Logistics behind Art Fairs and Exhibitions

Discover the Hidden Complex Logistics behind Art Fairs and Exhibitions

Discover the Hidden Complex Logistics behind Art Fairs and Exhibitions
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Magali Gaugy

Magali Gaugy has been working for 17 years in the transport and storage of artworks. She joined Harsch in 2018 and is in charge of projects for various museum moves.



By opening the doors of Artgenève to nearly 25,000 visitors, Palexpo metamorphoses itself. Its 20,000 square metres are laid out, the gallery stands installed and all the works of art set off. Behind those 5 days of exhibition, a complex organization orchestrated in part by the company Harsch, the fair’s official partner for logistics and storage. Present on the premises, all our collaborators are ready to receive the trucks transporting the works of art, deal with customs formalities, install and deinstall the works of art. In addition to big fairs like Artgenève, Harsch takes care all year round of all the steps related to the logistics of different art exhibitions in Switzerland. Magali Gaugy gives us an insight into this process.


Active on the market for 60 years, Harsch is in charge of around 10 exhibitions annually. For many years, the company has been a privileged partner for many Swiss cultural institutions, like for instance MAMCO (Musée d’Art Moderne et Contemporain) and MAH (Musée d’Art et d’Histoire) in Geneva, or MCBA (Musée Cantonal des Beaux-Arts) in Lausanne. With this sustained rhythm, several exhibitions are organized in parallel, each with a different agenda.

However, the work starts long beforehand, more or less a year before the event, by responding to the museum’s invitation to tender. Several days are needed to give an estimate, as all the national and international partners and agents have to be contacted. Two or three months before the opening of the exhibition, the museum contacts the chosen transporter. And that’s when the real organizational process can begin!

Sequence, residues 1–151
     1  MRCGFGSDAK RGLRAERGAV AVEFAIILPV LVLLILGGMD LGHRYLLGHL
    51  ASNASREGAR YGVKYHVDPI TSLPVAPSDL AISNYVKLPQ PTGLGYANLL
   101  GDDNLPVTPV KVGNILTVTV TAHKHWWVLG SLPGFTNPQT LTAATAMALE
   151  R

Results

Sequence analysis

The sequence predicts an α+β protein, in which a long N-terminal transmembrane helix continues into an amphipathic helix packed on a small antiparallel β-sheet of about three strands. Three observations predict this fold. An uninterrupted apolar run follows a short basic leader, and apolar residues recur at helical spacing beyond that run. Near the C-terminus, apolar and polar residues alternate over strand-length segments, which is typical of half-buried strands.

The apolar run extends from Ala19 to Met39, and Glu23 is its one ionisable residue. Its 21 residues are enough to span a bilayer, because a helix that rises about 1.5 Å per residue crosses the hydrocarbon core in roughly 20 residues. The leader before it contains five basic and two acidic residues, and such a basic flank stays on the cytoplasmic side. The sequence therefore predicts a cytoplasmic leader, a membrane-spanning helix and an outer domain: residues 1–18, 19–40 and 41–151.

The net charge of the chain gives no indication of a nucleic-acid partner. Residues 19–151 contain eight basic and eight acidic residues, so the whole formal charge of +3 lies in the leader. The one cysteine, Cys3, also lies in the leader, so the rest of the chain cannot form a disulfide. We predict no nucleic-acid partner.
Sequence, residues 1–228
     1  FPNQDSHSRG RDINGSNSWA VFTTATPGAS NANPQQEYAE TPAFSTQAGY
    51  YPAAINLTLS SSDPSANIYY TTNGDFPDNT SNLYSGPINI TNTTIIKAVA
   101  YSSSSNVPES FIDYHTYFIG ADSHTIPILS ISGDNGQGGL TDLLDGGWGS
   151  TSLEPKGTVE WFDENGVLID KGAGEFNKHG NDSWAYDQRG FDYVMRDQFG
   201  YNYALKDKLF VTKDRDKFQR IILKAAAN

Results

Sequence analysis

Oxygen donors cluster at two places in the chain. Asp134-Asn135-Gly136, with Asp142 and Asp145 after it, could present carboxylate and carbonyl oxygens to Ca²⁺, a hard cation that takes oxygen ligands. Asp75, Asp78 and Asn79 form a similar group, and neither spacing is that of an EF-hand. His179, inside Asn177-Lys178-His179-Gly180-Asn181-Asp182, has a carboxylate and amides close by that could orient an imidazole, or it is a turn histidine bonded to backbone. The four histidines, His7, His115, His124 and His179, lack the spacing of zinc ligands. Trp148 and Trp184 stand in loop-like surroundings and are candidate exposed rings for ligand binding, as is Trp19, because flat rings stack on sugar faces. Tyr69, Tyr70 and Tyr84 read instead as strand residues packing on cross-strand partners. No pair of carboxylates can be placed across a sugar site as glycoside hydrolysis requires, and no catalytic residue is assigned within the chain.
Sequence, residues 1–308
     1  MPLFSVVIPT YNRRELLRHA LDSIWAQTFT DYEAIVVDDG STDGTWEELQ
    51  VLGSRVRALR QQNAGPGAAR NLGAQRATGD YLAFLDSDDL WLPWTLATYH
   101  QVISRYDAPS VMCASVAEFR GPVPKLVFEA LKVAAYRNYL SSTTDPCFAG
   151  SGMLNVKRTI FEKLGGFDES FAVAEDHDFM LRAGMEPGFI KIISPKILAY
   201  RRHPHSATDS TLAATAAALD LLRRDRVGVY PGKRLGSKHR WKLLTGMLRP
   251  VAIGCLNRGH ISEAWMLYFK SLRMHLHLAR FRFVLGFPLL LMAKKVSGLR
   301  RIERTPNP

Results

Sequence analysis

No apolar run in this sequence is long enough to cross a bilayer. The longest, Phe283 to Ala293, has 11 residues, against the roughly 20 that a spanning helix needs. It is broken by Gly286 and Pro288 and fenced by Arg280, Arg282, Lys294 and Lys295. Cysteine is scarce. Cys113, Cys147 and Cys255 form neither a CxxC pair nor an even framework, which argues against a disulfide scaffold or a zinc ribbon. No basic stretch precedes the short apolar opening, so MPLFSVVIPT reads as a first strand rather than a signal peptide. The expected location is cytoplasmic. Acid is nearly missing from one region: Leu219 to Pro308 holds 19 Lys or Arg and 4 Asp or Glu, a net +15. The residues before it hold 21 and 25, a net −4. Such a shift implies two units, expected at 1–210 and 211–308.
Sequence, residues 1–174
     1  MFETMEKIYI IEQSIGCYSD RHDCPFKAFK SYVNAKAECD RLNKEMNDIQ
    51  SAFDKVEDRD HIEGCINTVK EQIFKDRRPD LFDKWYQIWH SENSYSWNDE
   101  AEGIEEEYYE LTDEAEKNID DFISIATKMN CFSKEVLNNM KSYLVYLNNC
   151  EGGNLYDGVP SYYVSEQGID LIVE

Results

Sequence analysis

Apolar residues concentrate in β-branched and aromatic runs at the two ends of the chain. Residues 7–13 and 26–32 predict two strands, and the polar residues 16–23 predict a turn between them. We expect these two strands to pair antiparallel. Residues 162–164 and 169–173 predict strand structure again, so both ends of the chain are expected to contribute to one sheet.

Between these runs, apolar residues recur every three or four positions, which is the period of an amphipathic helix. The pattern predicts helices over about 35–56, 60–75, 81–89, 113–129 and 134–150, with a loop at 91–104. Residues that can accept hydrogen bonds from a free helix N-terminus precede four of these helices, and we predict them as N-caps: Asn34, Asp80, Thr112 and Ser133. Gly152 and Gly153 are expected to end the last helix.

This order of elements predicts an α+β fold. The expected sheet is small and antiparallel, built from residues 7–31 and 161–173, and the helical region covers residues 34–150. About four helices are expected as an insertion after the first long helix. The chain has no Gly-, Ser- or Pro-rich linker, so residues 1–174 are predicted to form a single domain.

A month before the opening, Harsch contacts its agents to organize the packing and removal of the works of art at the premises of each foreign lender. “We also have our in-house specialists who can produce custom-built crates to guarantee the security and safety of the works of art” explains Magali Gaugy, specialized in logistics for art exhibitions.

The transport will take place in lorries specially equipped for fine art. They come with GPS and alarm systems, and have all the necessary equipment to secure the works of art. Then, Harsch collaborators plan their arrival in Switzerland. Magali Gaugy adds that “It’s a very complex organization. We have to manage the numerous couriers, collaborators of the museums that lend us the works and who accompany them from the moment they are removed from the museum until their delivery, unpacking and installation. In other words, for one exhibition, we can have up to fifteen couriers who have come to watch the installation of the works of art over several days!”

Harsch also offers tailor-made services which the museum can choose, depending on its capacities and needs. For instance, insurances for transport or specialists for the installation of the works. Big museums usually have their own team of specialists who collect the works at the unloading depot, unpack and install them on the rails, whereas the smaller institutions regularly hire specialized compagnies for this task.

Magali Gaugy smiles: “If there are no hiccups, it’s not a good exhibition”, and gives us a personal anecdote. “Recently, we had to transport works from a British museum, but our lorry was stopped at the border in Calais at 10 p.m., to check its clearance certificates. I spent all night on the phone with the drivers to see how it was going. In the end, it turned out that the customs officers didn’t know that, following Brexit the regulations had changed. Our lorry was allowed to continue its journey early in the morning. Those last-minute problems keep us awake and make our job as transporters of fine art so exciting!”